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Making Sense of Product Management Job Titles

B2B vs B2C Product Management

Product Management job titles have a broad set of responsibilities that can be more simply broken down into 2 dimensions:

(1) Internal vs external

  • Internal: more work with internal business teams, engineering, design
  • External: more time with customers, marketing, and sales

(2) Tactical vs strategic

  • Tactical: more day-to-day execution and delivery
  • Strategy: medium to long-term strategy of the product and in relation to company goals

Product managers don’t perform or own all these activities; instead they influence their outcomes and fulfillment. The priorities for these activities change based on the product’s lifecycle stage, but with these dimensions we can plot a Product Manager’s responsibilities to make sense of Product Management job titles:

Product manager job titles

Various related roles similar to Product Manager will go deeper in some activities where they might be more likely to own the activity entirely instead of only influence. 

Product Marketing Manager

Focused on the positioning and messaging to differentiate products in the market and creating the programs and collateral to market and sell the product effectively (e.g., write blogs and white papers, train sales team on messaging).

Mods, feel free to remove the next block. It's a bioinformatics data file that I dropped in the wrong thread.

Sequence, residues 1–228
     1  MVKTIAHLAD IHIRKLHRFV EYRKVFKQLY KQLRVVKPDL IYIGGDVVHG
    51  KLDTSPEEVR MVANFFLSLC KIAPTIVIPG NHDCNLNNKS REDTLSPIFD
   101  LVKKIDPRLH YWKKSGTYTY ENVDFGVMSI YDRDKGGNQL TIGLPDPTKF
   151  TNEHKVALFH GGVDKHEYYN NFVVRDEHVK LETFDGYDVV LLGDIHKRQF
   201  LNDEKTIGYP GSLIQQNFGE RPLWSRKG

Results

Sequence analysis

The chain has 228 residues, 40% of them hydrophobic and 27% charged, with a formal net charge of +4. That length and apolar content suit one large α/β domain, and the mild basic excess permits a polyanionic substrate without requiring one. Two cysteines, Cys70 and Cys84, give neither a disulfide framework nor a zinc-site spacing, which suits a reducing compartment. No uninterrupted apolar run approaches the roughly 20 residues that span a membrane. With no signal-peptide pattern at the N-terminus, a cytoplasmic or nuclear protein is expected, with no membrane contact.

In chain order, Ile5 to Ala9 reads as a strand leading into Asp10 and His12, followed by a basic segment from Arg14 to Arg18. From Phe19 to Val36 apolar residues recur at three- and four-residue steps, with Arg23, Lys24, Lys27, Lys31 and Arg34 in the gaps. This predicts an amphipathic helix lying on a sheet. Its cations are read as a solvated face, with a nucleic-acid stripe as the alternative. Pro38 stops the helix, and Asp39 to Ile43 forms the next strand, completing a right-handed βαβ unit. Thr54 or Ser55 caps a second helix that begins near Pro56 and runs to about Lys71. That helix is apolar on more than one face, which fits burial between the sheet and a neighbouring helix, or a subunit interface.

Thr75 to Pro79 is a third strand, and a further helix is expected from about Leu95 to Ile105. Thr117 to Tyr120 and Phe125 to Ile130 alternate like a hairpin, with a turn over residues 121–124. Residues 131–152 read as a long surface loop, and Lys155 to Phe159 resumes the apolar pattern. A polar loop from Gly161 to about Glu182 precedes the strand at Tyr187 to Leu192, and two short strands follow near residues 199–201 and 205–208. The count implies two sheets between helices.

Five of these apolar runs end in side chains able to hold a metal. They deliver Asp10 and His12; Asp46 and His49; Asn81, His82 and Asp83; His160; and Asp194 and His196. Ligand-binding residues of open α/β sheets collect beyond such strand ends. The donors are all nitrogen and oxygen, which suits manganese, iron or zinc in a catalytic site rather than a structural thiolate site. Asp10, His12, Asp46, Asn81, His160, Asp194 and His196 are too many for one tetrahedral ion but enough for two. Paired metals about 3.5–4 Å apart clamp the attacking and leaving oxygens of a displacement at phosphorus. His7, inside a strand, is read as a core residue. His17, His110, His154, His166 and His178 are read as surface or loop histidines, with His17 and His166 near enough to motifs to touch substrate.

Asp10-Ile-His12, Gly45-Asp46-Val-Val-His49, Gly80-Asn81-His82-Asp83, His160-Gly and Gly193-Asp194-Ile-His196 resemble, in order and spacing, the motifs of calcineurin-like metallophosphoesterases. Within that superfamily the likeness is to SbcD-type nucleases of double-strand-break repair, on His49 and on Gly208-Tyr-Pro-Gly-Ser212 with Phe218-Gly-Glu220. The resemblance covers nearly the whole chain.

A large primary responsibility is launching a product into the market (of course, with help from a lot of the company). They should be an expert on competitor and the market such as who the buyers are, how they buy, and why.

Commonly works with: Marketing, Sales, Product Managers
Good Background: Marketer, Consultant
Example job descriptions: link

Technical Product Manager 

Focused on improving the product’s core functionality or a company’s tech stack, reliability, security, etc. 

Less worried about the appearance of the product and instead are focused on the internal workings. They should know the technical in-outs. Oftentimes this role is similar to an Engineering Manager working with highly-skilled engineers. A good transition role for an engineer who wants to break into Product Management.

Commonly works with: Engineering
Good backgrounds